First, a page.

With force-to-fluorescence conversion, the spatial resolution of cell adhesive force imaging was immediately brought to the diffraction limit. A series of fluorescent tension sensors such as MTS [43], TGT [21], MTFM sensor [60], TP [24] and ITS [49] have been developed to image cell adhesive forces. These sensors have been routinely applied to visualize cell adhesive forces in fibroblasts, platelets, keratocytes, T cells, etc. (Figure 2D–F). With these sensors, cell adhesive force has become as visible as cell structures, making the force-structure study highly convenient. A detailed discussion about these sensors is included in next section with an emphasis on biomaterials used in the sensor construction.

Tension sensors report force with high resolution, but usually cannot measure the whole cell force. This is because tension sensor activation by force is stochastic at the molecular level, and not all cell adhesive force is transmitted onto sensors. In this regard, the tension sensor cannot replace TFM. However, the perk brought by tension sensors is not only the improved resolution, but also the capability of evaluating the force level of the molecular tension transmitted by single receptors. The molecular construct of the sensor can be tuned to be responsive to a designed force level, enabling the selective visualization of molecular tension in a certain range. Therefore, although these sensors do not evaluate bulk cell adhesive force, they have a unique advantage of assessing the cell adhesive force at the molecular tension level.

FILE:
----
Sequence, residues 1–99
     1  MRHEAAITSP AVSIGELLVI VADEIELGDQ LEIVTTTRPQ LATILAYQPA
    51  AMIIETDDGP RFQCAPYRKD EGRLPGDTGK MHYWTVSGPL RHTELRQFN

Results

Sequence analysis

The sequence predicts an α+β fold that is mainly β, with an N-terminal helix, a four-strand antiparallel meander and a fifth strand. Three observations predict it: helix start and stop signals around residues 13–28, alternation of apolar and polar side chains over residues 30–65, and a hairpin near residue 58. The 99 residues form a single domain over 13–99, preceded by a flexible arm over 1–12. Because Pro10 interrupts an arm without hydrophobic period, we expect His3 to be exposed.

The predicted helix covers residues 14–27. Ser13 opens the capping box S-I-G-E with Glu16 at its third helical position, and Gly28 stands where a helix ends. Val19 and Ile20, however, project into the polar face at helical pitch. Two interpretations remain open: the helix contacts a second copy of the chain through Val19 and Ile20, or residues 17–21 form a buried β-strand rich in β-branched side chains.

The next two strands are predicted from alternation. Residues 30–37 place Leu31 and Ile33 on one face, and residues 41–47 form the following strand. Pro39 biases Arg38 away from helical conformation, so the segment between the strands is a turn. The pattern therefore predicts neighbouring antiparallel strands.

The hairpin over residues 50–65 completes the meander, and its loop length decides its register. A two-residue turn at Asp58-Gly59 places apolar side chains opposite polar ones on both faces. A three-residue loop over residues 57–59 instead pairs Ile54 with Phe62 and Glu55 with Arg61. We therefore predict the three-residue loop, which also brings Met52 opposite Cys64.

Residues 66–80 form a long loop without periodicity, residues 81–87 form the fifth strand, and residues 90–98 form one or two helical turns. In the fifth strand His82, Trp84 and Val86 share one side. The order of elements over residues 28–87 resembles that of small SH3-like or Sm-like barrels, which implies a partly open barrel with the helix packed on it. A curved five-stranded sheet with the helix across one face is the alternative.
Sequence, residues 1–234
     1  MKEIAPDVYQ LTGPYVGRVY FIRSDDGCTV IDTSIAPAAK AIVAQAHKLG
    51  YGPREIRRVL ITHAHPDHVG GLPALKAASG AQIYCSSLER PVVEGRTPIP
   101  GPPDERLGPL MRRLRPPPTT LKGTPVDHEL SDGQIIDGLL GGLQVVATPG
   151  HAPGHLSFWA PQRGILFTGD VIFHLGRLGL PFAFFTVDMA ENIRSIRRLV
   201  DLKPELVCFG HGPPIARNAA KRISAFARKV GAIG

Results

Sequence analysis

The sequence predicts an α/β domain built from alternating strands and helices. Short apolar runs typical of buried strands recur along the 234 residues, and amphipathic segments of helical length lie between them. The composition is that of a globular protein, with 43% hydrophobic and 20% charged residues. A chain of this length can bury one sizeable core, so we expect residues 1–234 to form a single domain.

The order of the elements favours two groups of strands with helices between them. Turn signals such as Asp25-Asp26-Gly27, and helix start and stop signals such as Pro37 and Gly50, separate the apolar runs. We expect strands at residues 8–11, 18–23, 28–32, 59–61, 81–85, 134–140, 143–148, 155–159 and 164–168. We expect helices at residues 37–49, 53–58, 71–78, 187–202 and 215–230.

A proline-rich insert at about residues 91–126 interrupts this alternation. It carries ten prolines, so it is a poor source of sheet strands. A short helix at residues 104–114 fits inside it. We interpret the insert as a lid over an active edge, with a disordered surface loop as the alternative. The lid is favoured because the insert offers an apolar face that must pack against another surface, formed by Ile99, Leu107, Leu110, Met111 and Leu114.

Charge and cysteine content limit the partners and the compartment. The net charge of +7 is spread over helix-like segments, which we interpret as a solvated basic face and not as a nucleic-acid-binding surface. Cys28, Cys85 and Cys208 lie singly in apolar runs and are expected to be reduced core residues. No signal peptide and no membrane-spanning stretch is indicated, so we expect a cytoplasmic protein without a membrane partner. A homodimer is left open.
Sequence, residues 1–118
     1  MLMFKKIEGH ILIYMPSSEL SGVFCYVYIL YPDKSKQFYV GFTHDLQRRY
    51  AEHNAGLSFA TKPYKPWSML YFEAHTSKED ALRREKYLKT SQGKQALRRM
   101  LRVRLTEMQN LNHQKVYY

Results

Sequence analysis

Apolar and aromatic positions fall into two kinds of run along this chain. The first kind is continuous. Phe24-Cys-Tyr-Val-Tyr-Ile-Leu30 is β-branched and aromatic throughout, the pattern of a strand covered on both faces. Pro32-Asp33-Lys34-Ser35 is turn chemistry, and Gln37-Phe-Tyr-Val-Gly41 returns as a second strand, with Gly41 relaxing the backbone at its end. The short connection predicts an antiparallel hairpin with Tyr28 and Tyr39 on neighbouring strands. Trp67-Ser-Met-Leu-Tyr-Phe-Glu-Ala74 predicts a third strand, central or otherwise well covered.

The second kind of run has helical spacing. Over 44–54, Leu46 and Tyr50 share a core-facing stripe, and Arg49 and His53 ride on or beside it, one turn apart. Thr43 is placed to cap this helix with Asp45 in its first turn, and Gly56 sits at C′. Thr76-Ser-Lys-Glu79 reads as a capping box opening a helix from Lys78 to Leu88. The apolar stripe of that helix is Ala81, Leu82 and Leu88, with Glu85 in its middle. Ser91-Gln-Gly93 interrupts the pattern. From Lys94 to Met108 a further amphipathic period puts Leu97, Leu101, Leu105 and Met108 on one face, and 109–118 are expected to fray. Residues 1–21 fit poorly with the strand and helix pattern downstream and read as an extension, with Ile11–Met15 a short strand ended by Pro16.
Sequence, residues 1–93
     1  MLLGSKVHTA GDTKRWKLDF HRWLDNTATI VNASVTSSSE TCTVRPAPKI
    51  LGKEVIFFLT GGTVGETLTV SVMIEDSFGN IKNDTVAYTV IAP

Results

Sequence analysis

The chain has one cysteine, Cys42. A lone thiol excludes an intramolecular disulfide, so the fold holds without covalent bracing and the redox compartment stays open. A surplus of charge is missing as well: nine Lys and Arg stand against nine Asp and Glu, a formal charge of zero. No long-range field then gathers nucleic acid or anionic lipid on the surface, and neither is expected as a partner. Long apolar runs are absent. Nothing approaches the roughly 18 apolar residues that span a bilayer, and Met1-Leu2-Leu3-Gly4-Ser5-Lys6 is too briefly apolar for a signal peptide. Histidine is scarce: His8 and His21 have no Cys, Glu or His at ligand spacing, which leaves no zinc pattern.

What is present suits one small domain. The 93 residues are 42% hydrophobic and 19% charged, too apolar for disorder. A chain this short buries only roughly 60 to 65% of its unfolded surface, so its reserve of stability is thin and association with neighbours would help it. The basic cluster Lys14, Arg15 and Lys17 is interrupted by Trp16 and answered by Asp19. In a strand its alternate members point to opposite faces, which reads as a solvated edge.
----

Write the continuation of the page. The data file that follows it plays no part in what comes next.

2.3. Super-Resolved Cell Adhesive Force Microscopies

With FTSs, it seems naturally feasible to enable force imaging with resolution beyond the diffraction limit by integrating the sensors with super-resolution microscopies. The term ”super-resolution” refers to the resolution beyond the diffraction limit of optical microscopy. Among the various techniques enabling super-resolution imaging, stochastic optical reconstruction microscopy (STORM) [63] and photoactivated localization microscopy (PALM) [64] are the representative ones. STORM and PALM share the similar principle of using single molecule imaging and localization to break the diffraction limit. The dyes in an ensemble are sparsely and stochastically turned on and off, to ensure the imaging of these dyes in a molecularly distinguishable manner. The center of the point-spread functions of fluorescence from each dye can be localized with ultra-high accuracy, which reaches the nanometer level. By imaging and localizing these dyes in many consecutive frames, one can assemble the frames and reconstruct the image of the dye-stained sample with a resolution beyond the diffraction limit. Since FTSs are able to convert force to fluorescence, the technical challenge to achieve super-resolution force imaging is about how to report force signals in a sparse and stochastic manner.